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Unilever has joined forces with Alibaba Group to develop an AI-powered recycling system that will identify and sort plastic packaging in an effort to make China a waste-free country.
British-Dutch multinational consumer goods giant Unilever partnered with Chinese multinational tech company Alibaba Group to launch the ‘Waste Free World’ Initiative, a first of its kind technology-driven closed-loop plastic recycling system in China.
As part of the collaboration, Unilever will combine its packaging technology with Alibaba’s business operating system in an attempt to drive change in consumers’ recycling behavior.
Through AI-powered recycling machines installed all over the country, consumers will be able to scan the QR code on the screen using Alipay, Alibaba’s e-wallet service, which will open the door to a chute where customers can deposit their plastic waste. The system will then automatically recognise the type of plastic and sort it with the help of a transmission device. Once sorted, the plastic waste will be transported to the recycling processing center where it will be turned into plastic granules that will be reused in Unilever’s product packaging.
In a press release seen by Green Queen, Unilever’s Executive Vice President of North Asia, Rohit Jawa said that while plastic has its place, it should not cause environmental pollution. “By 2025, we will make an absolute reduction of 100,000 tons in plastic use and promote the use of recyclable plastic, so that we can halve the amount of virgin plastic we use in packaging and help collect and process more plastic packaging than we sell.”
Plastic has its place, but it should not cause environmental pollution. By 2025, we will make an absolute reduction of 100,000 tons in plastic use and promote the use of recyclable plastic, so that we can halve the amount of virgin plastic we use in packaging and help collect and process more plastic packaging than we sellRohit Jawa, Executive Vice President of North Asia, Unilever
Vice President of the Alibaba Group, Jet Jing added that they hoped the initiative would help to highlight the importance of recycling waste. “We want to make it easier for Chinese consumers to embrace responsible consumption across our multiple cross-platforms, including Alipay, Tmall, Ele.me and Tmall Supermarket by creating a closed-loop scenario for plastic recycling that starts with its purchase, to usage to recycle and repurchase.”
The initiative is also an active response to the Shanghai government’s plan to develop a plastic packaging management system that can be used all over China to drive high-grade plastic back into the circular economy and push companies and consumers towards a waste-free world.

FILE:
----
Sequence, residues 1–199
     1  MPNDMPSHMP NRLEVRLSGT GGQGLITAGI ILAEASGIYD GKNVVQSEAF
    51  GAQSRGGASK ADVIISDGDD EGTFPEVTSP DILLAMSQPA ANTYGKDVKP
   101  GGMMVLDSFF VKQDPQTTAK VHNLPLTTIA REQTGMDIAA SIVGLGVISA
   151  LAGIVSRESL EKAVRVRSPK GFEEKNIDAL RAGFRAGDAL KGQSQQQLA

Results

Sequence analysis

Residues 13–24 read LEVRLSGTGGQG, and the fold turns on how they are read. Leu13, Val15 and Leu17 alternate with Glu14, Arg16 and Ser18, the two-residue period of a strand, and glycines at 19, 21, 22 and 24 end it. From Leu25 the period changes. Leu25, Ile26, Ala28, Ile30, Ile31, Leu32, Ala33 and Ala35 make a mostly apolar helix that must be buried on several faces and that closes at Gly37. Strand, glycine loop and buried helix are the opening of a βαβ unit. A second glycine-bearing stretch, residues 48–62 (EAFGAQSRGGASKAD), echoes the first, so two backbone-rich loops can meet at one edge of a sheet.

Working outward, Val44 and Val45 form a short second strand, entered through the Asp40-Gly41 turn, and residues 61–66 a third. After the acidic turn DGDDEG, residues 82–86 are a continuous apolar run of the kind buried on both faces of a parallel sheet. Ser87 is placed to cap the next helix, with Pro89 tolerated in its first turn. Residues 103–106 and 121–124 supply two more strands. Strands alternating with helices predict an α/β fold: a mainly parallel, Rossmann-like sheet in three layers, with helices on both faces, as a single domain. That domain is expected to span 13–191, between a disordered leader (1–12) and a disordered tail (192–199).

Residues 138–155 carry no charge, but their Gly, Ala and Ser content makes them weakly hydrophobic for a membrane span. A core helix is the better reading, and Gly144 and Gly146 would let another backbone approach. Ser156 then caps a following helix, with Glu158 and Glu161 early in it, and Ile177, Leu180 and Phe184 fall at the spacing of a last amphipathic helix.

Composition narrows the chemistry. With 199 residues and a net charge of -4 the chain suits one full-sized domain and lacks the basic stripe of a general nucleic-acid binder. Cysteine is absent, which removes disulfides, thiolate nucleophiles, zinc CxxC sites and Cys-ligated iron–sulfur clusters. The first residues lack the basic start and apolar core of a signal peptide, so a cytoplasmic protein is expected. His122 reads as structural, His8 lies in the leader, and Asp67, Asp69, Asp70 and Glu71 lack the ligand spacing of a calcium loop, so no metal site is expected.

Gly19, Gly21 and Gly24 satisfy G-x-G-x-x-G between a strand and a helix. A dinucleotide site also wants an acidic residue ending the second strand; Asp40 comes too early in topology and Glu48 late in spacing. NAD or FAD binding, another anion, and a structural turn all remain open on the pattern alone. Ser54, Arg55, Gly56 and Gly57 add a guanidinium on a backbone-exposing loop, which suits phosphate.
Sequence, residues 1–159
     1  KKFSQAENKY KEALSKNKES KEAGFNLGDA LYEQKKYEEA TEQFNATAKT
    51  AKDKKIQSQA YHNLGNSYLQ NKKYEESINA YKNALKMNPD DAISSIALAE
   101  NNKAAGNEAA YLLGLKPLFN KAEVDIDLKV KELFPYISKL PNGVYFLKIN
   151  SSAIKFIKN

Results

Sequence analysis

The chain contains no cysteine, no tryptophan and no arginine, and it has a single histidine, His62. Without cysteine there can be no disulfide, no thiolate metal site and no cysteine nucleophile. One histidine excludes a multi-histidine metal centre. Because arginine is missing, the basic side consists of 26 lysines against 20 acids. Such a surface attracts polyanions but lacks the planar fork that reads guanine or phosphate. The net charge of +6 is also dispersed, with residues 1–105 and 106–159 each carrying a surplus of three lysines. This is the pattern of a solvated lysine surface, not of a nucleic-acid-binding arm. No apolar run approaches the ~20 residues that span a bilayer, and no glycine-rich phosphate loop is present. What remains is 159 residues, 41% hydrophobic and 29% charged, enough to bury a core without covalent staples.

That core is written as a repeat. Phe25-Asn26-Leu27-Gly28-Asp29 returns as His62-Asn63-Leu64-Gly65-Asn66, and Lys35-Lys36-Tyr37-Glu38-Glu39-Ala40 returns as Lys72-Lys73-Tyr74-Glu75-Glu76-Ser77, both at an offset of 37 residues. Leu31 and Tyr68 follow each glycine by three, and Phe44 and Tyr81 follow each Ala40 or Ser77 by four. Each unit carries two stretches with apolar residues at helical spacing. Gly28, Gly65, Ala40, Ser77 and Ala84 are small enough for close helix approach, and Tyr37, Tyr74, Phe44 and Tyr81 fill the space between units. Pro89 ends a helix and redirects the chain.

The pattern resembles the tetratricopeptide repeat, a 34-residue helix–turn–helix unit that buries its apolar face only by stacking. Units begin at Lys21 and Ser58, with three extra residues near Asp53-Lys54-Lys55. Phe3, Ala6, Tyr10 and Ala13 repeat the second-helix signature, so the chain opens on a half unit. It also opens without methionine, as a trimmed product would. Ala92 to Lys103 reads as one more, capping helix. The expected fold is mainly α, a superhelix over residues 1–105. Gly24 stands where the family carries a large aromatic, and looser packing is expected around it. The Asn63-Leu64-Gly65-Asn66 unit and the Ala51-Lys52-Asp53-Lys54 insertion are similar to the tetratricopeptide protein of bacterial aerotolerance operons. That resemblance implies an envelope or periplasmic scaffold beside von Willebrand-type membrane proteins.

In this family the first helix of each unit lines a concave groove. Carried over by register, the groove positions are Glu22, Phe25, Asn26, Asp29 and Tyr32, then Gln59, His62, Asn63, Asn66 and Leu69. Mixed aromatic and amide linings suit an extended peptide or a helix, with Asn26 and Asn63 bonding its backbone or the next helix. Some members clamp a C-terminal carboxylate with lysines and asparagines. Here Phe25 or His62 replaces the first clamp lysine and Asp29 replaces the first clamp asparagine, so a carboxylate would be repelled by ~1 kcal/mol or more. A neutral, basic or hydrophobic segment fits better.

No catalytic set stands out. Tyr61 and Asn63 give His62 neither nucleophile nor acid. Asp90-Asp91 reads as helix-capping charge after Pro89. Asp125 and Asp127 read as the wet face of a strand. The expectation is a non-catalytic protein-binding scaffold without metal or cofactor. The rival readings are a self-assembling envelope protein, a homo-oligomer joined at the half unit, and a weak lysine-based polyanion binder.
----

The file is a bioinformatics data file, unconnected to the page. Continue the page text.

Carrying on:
As part of a pilot programme, the launch saw 20 recycling machines installed in offices and community spaces in two of China’s largest cities, Shanghai and Hangzhou.
Unilever North Asia’s Supply Chain Vice President, Jennifer Han, concluded: “Waste-Free World’s ability to pre-sort plastic packaging into its various grades enhances the quality of recycled plastic bottles and means the reuse of plastic materials will be more effective and could better contribute to a circular economy.”
Once customers deposit the plastic and it is identified by the machine, customers can either receive Unilever coupons or green energy points which are awarded for low carbon activities on the Alipay ‘Ant Forest’ and can be used for planting trees or protecting conservation land. Since Alipay Ant Forest’s launch in 2016, it has been instrumental in getting more than 200 million trees planted in partnership with NGOs in arid areas of China.
Apart from this, China has also banned single-use plastic straws and shopping bags in major cities in an effort to reduce the increasing plastic waste in the country. The plan involves paper straws or poly-lactic acid straws replacing plastic ones, along with supermarkets offering customers the option to opt for recyclable bags at a price.
Recently, Mumbai-based Hindustan Unilever, the leading Indian FMCG company that is a subsidiary of Unilever, announced its own plans to achieve 100% plastic waste collection in 2021, meaning it will collect and process more plastic packaging waste than the company’s own plastic usage.
These initiatives are a part of Unilever’s commitment to halve its use of virgin plastic which is key if we want to reduce the plastic pollution crisis, which will leave behind 710 million tonnes of plastic waste even if we curb use by 80%.
Back in November of 2020, Unilever began a major refill trial in supermarket chain Asda’s Middleton store in the British city of Leeds in an effort to reduce plastic waste. The company also announced that it will eliminate all fossil fuels in its cleaning products by 2030 and will establish a US$1.1 billion climate fund.
Lead image – Alibaba Group’s VP Jet Jing (left) and Unilever’s North Asia EVP Rohit Jawa (right) are jointly leading the closed-loop recycling initiative, courtesy of Ti Gong.